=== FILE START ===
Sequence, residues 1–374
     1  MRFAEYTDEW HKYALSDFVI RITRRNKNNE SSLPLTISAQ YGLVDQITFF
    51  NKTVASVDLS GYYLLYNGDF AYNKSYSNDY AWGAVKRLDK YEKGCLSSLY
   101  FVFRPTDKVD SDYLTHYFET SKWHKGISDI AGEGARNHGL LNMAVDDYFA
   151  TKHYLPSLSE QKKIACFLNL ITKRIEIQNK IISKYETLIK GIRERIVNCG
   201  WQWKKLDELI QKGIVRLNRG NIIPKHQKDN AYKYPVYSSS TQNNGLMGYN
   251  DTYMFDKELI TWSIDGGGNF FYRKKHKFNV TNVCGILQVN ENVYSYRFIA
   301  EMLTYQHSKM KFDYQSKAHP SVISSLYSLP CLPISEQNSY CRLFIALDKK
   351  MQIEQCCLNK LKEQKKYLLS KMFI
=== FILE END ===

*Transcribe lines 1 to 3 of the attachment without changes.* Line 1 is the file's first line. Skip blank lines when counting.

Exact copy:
Sequence, residues 1–374
     1  MRFAEYTDEW HKYALSDFVI RITRRNKNNE SSLPLTISAQ YGLVDQITFF
    51  NKTVASVDLS GYYLLYNGDF AYNKSYSNDY AWGAVKRLDK YEKGCLSSLY